David Elliott Hooper, 88, of Georgetown, Texas, passed away peacefully on Monday after after a long battle with cancer. As in life, his beloved wife Martha was by his side.
Hooper was born on Jan. 3, 1935, to Raymond and Doris Hooper in East Rutherford, N.J. After attending the United States Naval Academy through an appointment from Congress (1953-56), he completed his studies by graduating from University of Pennsylvania as part of the class of 1961.
After graduating with a degree in International Relations, Hooper began a storied career in the horse racing industry that spanned over 60 years. He held many regulatory positions, including executive secretary of the Illinois Racing Board, and served as a steward at the state and racetrack levels in eight states. In 2018, he was the recipient of the Pete Pedersen Award from the Racing Officials Accreditation Program, which recognizes professional excellence, integrity, and benevolent consideration in the performance of their duties. Often referred to respectfully as “Judge,” Hooper was regarded widely as being fair in his stewardship and interactions with fellow horsemen, while prioritizing the ethics of the game and safety of the jockeys. He retired in 2020, his final position as steward at Canterbury Park in Minnesota.
In addition to his positions as a regulator, Hooper also held positions in executive administration at the Thoroughbred Breeders of Kentucky (1970-76), the Illinois Thoroughbred Breeders (1984-86), and the Texas Thoroughbred Association (1997-2012). One of his crowning accomplishments included a special assignment to lead the Smithsonian FolkLife Festival (1973) showcasing the state of Kentucky in Washington D.C. The festival included displays of Kentucky heritage such as arts & crafts, tobacco, bourbon, and a straightaway for horse racing beside the Washington Monument.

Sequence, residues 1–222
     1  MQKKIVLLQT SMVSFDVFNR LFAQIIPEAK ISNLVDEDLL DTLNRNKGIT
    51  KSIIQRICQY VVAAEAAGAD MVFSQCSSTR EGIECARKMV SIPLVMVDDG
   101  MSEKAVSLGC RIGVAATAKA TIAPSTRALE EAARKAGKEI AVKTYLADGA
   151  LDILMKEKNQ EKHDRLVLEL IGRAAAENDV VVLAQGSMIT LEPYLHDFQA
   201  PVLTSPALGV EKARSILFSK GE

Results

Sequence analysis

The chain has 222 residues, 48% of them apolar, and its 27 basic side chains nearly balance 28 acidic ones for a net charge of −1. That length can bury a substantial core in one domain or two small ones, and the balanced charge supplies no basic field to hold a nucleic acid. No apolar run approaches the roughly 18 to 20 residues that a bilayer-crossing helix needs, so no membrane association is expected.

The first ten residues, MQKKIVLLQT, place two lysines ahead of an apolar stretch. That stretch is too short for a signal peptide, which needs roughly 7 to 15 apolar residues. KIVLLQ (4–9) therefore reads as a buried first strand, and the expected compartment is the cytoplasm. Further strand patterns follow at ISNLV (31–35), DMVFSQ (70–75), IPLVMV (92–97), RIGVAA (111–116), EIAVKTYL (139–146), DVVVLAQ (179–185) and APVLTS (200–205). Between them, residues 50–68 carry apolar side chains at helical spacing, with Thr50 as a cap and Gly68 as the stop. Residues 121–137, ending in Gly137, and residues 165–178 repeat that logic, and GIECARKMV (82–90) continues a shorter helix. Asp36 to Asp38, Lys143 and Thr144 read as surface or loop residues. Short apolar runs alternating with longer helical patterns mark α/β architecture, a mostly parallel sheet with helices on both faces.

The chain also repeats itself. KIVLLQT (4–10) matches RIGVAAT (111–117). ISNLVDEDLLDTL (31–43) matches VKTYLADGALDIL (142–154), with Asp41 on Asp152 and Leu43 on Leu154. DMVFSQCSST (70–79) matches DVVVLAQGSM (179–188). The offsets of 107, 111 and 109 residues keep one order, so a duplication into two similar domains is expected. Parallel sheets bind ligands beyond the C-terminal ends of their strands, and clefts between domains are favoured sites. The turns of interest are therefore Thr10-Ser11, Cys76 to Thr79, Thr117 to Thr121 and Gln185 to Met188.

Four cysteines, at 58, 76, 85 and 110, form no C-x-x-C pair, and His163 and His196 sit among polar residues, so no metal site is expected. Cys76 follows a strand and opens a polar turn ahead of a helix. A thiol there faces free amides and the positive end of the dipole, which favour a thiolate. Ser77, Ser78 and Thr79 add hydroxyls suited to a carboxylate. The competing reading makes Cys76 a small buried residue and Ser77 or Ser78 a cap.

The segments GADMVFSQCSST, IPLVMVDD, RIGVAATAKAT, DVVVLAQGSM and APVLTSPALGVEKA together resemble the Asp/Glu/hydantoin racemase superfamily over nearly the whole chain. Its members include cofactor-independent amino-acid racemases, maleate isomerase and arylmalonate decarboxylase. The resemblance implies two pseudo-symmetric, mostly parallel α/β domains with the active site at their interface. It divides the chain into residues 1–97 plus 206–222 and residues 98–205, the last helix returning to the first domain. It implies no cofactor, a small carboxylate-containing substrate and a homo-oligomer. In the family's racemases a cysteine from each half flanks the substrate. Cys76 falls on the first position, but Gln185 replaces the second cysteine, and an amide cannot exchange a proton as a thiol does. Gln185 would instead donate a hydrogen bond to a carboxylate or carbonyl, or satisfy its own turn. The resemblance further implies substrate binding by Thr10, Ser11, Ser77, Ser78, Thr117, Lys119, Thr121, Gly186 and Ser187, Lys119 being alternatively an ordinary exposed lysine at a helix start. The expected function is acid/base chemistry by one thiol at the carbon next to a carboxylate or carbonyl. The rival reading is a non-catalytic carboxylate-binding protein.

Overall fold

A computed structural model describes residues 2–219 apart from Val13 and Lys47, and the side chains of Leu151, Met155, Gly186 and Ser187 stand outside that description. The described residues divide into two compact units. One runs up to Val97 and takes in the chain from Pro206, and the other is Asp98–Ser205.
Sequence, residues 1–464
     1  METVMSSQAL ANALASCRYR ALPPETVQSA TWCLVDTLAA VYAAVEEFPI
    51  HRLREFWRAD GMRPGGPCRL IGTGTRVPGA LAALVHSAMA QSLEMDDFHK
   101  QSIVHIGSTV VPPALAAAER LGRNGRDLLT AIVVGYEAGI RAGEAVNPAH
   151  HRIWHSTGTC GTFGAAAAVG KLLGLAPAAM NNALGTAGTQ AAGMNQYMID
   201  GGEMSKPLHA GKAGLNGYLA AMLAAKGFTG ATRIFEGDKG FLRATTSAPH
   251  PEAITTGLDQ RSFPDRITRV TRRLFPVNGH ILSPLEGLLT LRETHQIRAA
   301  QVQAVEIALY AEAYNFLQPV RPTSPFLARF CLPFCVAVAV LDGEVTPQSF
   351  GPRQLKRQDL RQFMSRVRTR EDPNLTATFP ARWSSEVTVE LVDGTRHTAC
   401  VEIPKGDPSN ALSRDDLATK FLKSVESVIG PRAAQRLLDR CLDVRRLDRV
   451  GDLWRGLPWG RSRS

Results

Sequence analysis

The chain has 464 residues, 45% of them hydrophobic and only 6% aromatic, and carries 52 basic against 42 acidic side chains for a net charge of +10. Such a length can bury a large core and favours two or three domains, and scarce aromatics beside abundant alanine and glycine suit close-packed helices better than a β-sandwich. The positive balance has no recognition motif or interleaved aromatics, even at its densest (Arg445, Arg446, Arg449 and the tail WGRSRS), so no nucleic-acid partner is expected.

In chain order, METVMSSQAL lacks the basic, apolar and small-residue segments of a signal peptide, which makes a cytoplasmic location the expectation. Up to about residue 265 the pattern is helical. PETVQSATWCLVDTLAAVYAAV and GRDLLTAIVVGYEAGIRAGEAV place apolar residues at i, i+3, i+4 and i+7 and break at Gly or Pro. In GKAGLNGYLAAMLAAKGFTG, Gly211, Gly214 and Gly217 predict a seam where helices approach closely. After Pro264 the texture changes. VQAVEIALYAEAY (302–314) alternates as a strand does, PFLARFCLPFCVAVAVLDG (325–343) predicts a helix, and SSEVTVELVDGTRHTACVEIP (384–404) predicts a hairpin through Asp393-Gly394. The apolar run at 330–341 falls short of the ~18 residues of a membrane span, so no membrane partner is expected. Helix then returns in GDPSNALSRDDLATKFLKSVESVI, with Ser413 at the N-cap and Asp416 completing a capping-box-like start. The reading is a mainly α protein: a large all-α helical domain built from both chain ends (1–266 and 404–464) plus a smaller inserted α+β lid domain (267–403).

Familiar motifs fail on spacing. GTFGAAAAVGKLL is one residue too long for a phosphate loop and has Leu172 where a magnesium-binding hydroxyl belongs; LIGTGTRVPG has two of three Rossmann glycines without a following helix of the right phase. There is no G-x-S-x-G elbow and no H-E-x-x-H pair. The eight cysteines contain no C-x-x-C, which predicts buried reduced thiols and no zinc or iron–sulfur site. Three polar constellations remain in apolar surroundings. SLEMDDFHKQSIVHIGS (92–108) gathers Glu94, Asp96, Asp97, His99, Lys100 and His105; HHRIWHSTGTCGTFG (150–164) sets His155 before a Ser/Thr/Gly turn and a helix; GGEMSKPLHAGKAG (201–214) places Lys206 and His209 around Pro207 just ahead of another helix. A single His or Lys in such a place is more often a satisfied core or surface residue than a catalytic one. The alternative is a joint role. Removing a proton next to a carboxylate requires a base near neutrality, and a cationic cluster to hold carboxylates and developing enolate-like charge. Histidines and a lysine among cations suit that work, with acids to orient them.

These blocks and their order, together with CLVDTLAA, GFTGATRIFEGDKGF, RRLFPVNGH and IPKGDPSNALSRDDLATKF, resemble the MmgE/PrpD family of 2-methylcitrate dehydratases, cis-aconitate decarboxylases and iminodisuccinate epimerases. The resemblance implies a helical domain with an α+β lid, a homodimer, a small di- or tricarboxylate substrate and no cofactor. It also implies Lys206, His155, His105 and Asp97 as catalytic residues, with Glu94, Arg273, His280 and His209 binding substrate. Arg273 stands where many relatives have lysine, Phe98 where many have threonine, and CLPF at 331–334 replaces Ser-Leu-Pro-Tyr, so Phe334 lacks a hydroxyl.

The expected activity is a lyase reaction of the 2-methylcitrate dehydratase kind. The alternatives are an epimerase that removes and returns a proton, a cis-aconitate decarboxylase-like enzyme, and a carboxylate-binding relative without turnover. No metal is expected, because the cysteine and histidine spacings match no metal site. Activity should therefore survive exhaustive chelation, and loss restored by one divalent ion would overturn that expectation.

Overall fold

Hooper attended or covered over 40 Kentucky Derby races as a fan and a commentator. His most memorable Derby was in 1973 when Secretariat won and began what would become a coveted Triple Crown achievement. Throughout his career in media, Hooper worked as a columnist, commentator, reporter and race caller for various outlets, including Daily Racing Form, WHAS-TV, ESPN, Lexington Herald-Leader, and the Miami Herald.
He also served as coordinator and lecturer at the University of Arizona’s Race Track Industry Program, specializing in racing laws and enforcement, covering all aspects of regulatory oversight. Hooper was a mentor to many who came through the program.
In 1995, Hooper met Martha Hufford at the Texas Racing Commission. He and Martha soon married and enjoyed 25 years as husband and wife. They spent many years traveling across the United States, while enjoying various hobbies.
Throughout his life, Hooper was an avid sports enthusiast. He particularly enjoyed playing tennis, which translated to a lifetime sport for him and his daughters. His love of Philadelphia sports teams, both at the college and professional level, was well known. He had an endearing interest in his grandchildren’s achievements through sports and academics, including watching films of lacrosse and football games.
Hooper was predeceased by his father and mother Raymond and Doris Hooper, his beloved brother Paul and his wife Kathy, as well as his grandson Ethan. He is survived by his wife Martha, Sara Hufford (step daughter), Warren Hufford (step son), Cynthia Slachta (daughter and wife of Michael), Suzanne Hooper (daughter), Jennifer Kash (daughter and wife of Brian), Kathleen Slachta (granddaughter), Elle Slachta (granddaughter), Grace Slachta (granddaughter), Mick Slachta (grandson), Bryce Kash (grandson), Paige Kash (granddaughter), Bradley Hufford (grandson), Aron Hufford (grandson) and his wife Kara, Haley Hufford (granddaughter). Elizabeth Sweens (granddaughter), Hannah Sweens (granddaughter), as well as five great grandchildren.
Services are pending.